Making The FBI’s USESR Team
by Federal Bureau of Investigation
What does it take to join the FBI’s
Underwater Search and Evidence Response Team (USERT)?
certainly no easy feat ... in addition to already being a special
agent, USERT hopefuls must be certified divers and have exceptional
physical and mental stamina. They must try out for the team and then
complete rigorous basic training before embarking on a case.
Eligibility and Tryouts
Supervisory Special Agent Brian Hudson, USERT Program Manager,
explained what it takes to qualify: "USERT is open to agents only.
Once they are off probation, they are eligible to join. The main
requirement is that you have a certification from an accredited
diving organization, such as PADI (Professional Association of
Diving Instructors) or SSI (Scuba Schools International). As long as
you’re a certified diver and have completed at least 10 dives, then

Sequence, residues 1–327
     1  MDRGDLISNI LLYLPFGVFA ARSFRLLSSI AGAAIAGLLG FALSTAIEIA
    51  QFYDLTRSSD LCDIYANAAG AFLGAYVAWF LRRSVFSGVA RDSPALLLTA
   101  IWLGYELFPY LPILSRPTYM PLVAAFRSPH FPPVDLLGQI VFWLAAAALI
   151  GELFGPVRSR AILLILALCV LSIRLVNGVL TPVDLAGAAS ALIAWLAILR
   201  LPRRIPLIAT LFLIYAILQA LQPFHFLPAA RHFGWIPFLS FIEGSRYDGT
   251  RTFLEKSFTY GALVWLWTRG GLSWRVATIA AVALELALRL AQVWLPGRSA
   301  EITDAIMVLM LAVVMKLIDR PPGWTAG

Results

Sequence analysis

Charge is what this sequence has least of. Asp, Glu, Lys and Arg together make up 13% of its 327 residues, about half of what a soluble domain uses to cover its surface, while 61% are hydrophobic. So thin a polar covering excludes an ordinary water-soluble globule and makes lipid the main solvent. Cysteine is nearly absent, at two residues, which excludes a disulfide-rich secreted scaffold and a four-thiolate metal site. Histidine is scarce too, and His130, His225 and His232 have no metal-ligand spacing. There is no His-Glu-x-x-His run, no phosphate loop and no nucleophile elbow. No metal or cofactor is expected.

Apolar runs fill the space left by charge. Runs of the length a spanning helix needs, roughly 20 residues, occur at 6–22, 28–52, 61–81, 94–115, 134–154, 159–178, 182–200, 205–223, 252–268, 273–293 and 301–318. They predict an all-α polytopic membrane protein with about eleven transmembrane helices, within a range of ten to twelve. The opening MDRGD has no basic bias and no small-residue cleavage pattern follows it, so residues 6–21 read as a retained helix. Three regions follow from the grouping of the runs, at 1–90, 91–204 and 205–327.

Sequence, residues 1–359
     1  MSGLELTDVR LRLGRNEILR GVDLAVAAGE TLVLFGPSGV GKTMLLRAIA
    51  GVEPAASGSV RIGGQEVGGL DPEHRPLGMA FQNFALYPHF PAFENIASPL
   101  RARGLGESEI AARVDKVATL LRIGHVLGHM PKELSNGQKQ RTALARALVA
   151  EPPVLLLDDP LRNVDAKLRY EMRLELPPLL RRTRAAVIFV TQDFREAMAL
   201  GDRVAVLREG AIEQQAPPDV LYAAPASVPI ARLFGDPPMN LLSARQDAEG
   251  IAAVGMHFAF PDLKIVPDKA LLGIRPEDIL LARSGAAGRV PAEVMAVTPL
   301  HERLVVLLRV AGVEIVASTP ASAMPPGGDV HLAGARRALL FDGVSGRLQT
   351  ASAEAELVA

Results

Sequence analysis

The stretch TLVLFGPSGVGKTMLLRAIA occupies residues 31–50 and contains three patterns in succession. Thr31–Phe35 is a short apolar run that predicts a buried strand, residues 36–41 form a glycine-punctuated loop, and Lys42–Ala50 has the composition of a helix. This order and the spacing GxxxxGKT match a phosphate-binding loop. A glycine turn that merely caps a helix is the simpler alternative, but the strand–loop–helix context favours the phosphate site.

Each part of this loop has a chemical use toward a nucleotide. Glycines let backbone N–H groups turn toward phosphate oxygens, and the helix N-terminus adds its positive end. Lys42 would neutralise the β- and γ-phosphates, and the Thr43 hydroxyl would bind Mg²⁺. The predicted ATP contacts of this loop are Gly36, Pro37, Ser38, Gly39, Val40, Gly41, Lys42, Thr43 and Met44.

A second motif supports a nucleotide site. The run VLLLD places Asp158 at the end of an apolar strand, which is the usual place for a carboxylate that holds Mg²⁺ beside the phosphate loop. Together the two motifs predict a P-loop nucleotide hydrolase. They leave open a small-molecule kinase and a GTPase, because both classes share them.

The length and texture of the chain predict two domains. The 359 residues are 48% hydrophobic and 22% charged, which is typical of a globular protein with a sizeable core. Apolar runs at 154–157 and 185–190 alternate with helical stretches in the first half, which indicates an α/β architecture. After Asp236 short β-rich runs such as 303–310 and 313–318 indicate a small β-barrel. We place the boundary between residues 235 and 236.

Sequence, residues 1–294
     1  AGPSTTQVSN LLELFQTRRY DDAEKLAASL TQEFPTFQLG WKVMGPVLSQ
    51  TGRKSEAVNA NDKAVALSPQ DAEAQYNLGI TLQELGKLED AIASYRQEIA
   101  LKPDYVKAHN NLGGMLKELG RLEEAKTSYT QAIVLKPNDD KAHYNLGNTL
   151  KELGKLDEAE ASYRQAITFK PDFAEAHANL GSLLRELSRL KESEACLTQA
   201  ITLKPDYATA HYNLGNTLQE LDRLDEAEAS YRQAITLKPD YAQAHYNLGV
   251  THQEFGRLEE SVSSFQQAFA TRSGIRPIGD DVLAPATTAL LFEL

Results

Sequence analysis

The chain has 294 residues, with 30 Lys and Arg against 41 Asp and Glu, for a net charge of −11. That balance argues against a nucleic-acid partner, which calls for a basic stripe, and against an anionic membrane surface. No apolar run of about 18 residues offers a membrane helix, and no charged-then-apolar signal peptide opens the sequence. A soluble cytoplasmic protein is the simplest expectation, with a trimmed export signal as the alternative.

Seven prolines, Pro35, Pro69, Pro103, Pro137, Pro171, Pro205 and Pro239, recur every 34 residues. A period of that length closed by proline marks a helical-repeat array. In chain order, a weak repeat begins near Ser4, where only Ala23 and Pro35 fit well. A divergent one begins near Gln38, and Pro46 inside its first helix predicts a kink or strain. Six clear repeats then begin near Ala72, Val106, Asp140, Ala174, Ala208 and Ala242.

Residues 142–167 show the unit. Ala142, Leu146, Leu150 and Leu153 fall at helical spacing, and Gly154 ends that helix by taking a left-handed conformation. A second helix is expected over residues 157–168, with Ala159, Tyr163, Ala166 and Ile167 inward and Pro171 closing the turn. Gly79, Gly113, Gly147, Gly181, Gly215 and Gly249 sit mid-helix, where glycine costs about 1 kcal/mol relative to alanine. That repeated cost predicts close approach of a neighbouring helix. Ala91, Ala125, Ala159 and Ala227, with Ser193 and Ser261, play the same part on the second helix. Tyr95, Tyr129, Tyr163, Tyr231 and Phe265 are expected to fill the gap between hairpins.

you can try out for the team."
Tryouts are held once a year.
Hudson said that "the number of open slots is dependent on how many
divers we lose during the year, usually due to people retiring,
transferring, or leaving the team. Typically, each of the four dive
teams will have one to two spots open."
A FBI Underwater Search and Evidence Response Team (USERT) searches a dense swamp located in Jasper, Florida on an undisclosed date. (FBI courtesy photo)
The tryouts consist of a swim test (laps in
the pool) and an underwater skills assessment. "You’ll go down in
the water and demonstrate various skills, such as removing your mask
and putting it back on, taking gear off underwater and putting it